By David Madden
TRENTON, N.J. (CBS) — The New Jersey Supreme Court has decided not to block Governor Chris Christie’s plan for a special election to replace the late Frank Lautenberg in the US Senate.
The special election will remain on October 16th now that New Jersey’s top court has refused to take up a legal challenge to the date.
The day after Lautenberg died earlier this month at age 89, Christie announced he would hold a special election to fill the remainder of the term as soon as legally permissible.
Christie scheduled a mid-August primary and a mid-October election to pick Lautenberg’s successor.
Democrats wanted the October vote pushed back to, they argued, save money and ensure against potential problems at the polls.
Last week a three-judge appellate panel ruled in Christie’s favor, saying he had complied with state law. The state Supreme Court has now issued an order, without comment, allowing the Christie schedule to proceed.
“They decided that it was not a matter imbued with enough public interest or public importance to get their attention, and we think they should have weighed in,” says Democratic Party attorney Peg Schaffer.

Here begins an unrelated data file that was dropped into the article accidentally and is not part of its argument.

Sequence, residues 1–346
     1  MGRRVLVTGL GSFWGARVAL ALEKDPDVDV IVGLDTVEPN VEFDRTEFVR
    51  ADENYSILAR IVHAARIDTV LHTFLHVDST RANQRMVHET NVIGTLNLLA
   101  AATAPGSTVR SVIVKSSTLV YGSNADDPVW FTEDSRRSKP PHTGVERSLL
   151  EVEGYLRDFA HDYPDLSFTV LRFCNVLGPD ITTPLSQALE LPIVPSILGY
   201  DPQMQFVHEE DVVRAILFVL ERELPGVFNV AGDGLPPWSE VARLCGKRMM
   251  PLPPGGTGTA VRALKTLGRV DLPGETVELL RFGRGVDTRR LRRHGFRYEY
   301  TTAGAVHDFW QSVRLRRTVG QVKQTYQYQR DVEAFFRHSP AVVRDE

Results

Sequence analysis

In an e-mail, a spokesman for the governor expressed pleasure with the court’s decision, saying it “clearly recognized that Governor Christie acted within the law established by the legislature.”
Christie’s re-election is on the November ballot, and some suggest he set up the senate election so as not to conflict with his own effort.
Christie’s decision on the election process outraged critics on the left and the right. Both sides complained about the cost — $12 million per election for both a primary and general vote.
Some conservatives said that holding the vote this year instead of next would likely cost Republicans any shot of winning the seat.
Many Democrats said they believed the governor didn’t want to appear on the same ballot as the US Senate frontrunner, Democratic mayor Cory Booker of Newark.
As the theory goes, Booker could draw enough Democrats to the polls to make a Christie re-election narrow enough that it could damage his presidential chances, should he decide to run in 2016, and also make it harder for Republicans to win legislative seats in November.